Federal School Aspern, Aspern Seestadt, 1220 Vienna
Archtecture: fasch&fuchs architects
Colour concept: Gustav Deutsch, Hanna Schimek
Colours are of decisive importance for how we relate to the world:
they influence our psychological states: attentiveness, concentration, stimulation, fatigue
they display long-term effects: personality development, character
they define our environment and the world we live in: fashion, advertising, everyday culture
they thus play an important role in scholastic and personal education
Colours’ meanings and effects in schools:
they are functional means of communication: room functions, connections between rooms
they have a psychological effect: concentration, stimulation, relaxation
they fulfill a wayfinding function: emergency stairways, WC groups, cloakrooms
they are teaching aids: art education, perception of colour, sensitivity to colour, colour systems
The colour concept for a school must therefore take psychological and educational aspects into account alongside purely aesthetic, artistic/architectural criteria.
Accordingly, colours are not selected and assigned arbitrarily, but arrived at on the basis of rules and principles derived from these criteria and aspects.
The colour design of a school building becomes complete only through its users:
through the colours that the students and teachers bring into the building with their clothing and accessories and through the colours of the subject matter, objects and materials needed for instruction – books, posters, teaching aids.
Palette of colours
Large-scale building units of the Federal School in Aspern will be done in a moderate and reserved
palette featuring unsaturated colours. The complete effect will unfold only in combination with bold
Bold accents of colours
Bold accents of colour will be applied to a few architectural components or groups of rooms with
a specific significance and also to individual, mobile elements: these will serve to provide orientation
and to light up the moderate palette. Walls in the school hall and in the entrance areas, staircases,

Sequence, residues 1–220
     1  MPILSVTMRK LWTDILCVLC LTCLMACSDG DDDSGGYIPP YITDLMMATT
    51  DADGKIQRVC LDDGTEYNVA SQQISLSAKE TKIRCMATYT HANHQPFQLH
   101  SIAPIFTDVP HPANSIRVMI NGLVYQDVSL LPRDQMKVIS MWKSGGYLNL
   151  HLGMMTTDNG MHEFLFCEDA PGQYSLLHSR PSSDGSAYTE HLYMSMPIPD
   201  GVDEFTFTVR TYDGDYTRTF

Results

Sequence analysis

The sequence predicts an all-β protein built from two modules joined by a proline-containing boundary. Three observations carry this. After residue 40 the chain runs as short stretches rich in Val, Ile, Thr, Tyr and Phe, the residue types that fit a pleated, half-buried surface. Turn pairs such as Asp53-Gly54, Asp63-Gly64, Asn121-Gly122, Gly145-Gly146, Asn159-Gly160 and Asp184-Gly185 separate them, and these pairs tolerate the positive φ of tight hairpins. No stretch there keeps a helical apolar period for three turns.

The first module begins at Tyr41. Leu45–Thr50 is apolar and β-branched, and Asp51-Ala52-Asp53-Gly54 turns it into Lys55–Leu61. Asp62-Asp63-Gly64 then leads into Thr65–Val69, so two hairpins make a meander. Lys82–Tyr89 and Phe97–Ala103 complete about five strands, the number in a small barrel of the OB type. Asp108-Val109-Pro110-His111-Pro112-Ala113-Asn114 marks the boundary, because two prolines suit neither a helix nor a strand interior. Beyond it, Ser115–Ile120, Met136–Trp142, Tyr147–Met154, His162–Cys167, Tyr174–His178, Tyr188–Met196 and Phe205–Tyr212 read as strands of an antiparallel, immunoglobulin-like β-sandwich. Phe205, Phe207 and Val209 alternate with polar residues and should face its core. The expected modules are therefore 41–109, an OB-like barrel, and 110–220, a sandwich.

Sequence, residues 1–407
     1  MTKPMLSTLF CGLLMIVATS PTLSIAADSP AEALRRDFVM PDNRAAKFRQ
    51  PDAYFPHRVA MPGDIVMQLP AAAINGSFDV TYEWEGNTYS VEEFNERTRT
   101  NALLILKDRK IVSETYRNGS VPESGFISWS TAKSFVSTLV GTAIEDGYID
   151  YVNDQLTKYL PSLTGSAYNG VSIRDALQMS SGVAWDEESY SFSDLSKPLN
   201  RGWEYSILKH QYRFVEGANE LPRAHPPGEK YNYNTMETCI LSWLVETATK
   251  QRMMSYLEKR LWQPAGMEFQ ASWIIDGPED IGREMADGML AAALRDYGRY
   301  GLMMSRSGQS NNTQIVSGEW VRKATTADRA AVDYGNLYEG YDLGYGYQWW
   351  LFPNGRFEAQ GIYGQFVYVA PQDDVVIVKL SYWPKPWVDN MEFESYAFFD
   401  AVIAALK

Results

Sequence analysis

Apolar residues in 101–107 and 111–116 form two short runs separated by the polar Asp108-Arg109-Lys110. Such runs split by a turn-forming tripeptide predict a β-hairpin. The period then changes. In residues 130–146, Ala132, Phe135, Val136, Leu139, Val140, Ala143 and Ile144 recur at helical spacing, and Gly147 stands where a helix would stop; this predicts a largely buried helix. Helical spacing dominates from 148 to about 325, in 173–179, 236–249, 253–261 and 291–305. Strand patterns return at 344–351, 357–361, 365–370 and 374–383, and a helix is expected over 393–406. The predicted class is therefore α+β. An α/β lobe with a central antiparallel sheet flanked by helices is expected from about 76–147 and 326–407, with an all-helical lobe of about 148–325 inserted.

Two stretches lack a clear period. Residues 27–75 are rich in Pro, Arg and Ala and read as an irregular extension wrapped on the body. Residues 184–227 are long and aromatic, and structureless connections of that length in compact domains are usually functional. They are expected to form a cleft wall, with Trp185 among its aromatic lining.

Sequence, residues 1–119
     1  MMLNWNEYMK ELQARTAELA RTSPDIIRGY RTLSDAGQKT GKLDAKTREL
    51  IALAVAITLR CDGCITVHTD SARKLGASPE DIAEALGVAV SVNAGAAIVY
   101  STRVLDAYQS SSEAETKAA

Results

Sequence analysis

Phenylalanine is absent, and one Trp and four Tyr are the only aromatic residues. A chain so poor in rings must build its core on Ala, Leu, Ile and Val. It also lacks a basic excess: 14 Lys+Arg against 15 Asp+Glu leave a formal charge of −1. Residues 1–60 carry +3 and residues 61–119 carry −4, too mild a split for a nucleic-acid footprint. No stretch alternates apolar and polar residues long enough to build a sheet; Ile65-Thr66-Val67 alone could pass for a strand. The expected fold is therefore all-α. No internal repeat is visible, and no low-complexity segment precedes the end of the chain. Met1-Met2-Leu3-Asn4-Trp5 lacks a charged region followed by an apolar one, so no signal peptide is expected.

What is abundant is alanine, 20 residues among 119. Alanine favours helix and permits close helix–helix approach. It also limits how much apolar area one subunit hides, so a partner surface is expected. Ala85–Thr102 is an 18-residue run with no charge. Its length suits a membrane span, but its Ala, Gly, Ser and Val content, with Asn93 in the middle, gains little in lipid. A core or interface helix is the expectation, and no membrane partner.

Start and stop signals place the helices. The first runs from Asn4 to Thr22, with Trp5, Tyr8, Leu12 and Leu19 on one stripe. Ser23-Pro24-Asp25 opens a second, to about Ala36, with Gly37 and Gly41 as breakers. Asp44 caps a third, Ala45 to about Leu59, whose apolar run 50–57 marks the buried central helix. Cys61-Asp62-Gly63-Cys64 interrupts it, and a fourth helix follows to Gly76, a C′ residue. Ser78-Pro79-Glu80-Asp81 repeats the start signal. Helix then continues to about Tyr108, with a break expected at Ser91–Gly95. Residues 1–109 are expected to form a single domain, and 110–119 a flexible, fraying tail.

wardrobes, kitchen cafeteria, bathroom units, mats.
Selection of colours
All colours applied to surfaces at the factory or on site (walls, metal structures, wooden structures) will
be selected and mixed based on the Natural Colour System (NCS).
For all other surfaces utilising a predefined material/ palette (laminate board, flooring, textiles, artificial
leather), the colours will be based as closely as possible on the intended shade.
Colour identity and assignment
The same functions and areas (departments, clusters, gymnasiums, etc.) will be assigned the same floor colours.
In keeping with the school’s new teaching concepts and organisational forms, the floor colours will be extended beyond the boundaries of the rooms. In this way, the colours incorporate corridors, lounge areas and recreation areas and combine them into larger units.
According to the given function of the areas (activity, educational, recreational, etc. areas), the floor colours will be selected from either a cold (green – turquoise – blue) or warm (yellow – orange – red) spectrum.
The colours of vertical surfaces (pinboards, blinds, curtains) and furniture will be selected from and associated with the opposite spectrum. This complementary use of colour (cold/warm) is based on the notion that rooms associated with both colour spectra provide an opportunity for psychological
equilibrium (concentration – relaxation).
Selection of colours for floors and walls / bold accents
Individual functional areas will be provided with a signal and wayfinding function through the use of
intense colours: emergency stairways, cloak rooms, kitchen refectory, WC groups, bathroom areas. In
these cases, the colours will be applied uniformly across all horizontal and vertical surfaces, in order
to achieve the effect and impression of autonomous and bold islands of colour.
Colour and material
Colour will be added to all surfaces in keeping with their specific material quality, so that their surface textures are preserved and not covered by layers of paint foreign to the material. Wooden surfaces will be varnished or oiled, the wood’s texture will remain visible Plasterboard walls will be plastered over and painted white. Exposed concrete surfaces will remain untreated, with the exception of bathroom areas. Steel structures and sheet metal will be coated with enamel or galvanised.